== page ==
Steelhead Expectations Drop;
by Bill Rudolph
Columbia River Basin harvest managers heard some bad news Oct. 2, after their technical committee announced an even further downgrade of the region's ESA-listed B-run steelhead stock that spends two years at sea and is headed for Idaho.
The latest estimate calls for 10,700 of the fish to enter the Columbia River this year, down from a preseason forecast of 31,600, and only 2,500 are expected to be wild.
The A-run steelhead stock -- smaller fish that tend to spend one year in the ocean -- was projected to return at a level of 213,400 fish, including 88,000 wild. That is down significantly from the preseason estimate of 291,000 fish.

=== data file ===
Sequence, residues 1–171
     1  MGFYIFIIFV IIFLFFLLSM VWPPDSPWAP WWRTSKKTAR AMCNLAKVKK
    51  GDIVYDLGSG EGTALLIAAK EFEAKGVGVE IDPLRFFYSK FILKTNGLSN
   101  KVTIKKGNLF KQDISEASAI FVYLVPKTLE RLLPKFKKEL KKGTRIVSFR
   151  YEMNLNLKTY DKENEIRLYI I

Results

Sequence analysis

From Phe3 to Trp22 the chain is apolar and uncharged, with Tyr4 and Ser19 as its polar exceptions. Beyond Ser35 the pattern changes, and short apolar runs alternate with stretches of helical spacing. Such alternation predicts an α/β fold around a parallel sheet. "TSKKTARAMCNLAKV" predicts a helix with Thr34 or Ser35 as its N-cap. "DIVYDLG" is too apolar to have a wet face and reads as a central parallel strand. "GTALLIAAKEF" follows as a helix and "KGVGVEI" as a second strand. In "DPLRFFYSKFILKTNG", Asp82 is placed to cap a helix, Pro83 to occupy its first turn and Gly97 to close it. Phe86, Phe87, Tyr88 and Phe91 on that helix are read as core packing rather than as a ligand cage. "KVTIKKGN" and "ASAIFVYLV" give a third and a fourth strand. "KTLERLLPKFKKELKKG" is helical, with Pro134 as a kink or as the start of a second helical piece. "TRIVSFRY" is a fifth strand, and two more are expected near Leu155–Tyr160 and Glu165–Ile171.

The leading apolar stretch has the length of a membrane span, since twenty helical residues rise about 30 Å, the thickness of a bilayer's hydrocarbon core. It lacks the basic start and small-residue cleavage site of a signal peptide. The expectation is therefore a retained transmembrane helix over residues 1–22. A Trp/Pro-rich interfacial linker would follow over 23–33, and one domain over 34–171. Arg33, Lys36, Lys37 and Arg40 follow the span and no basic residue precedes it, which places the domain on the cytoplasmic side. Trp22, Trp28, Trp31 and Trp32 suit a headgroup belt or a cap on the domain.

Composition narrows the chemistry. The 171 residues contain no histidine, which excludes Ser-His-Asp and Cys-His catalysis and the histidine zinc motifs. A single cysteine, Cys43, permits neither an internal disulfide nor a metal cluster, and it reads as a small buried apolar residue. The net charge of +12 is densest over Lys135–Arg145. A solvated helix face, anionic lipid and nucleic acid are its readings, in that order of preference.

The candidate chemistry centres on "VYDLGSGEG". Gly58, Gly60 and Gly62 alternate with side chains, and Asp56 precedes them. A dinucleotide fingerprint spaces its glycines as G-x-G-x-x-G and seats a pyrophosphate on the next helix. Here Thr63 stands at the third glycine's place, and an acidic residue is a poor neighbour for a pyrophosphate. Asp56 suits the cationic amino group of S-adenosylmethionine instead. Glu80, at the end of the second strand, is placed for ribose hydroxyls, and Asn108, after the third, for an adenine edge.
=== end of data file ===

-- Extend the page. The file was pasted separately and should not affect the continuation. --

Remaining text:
The Columbia coho return was coming up short as well. Early returns added up to only 33,000, just a third of what was expected.
But the huge fall Chinook run is still showing signs of life, with close to 5,000 fish a day climbing Bonneville Dam fish ladders. The upriver bright run estimate was maintained at 832,500 adults, (compared to 434,600 forecasted) and 69,000 Bonneville Pool tules (compared to 36,300 forecasted).
Meanwhile, the fall Chinook return on the Snake has shattered the old record. By Oct. 14, more than 53,000 hatchery and wild fall Chinook were counted at Lower Granite Dam, beating the 2010 return of almost 42,000, the largest return since the dams were constructed on the Snake.
At one point, the wild run was down to 78 fish. This year's return of natural-origin fish will likely beat 1963's total, when nearly 14,000 fall Chinook were counted at Ice Harbor -- then the only dam on the lower Snake.
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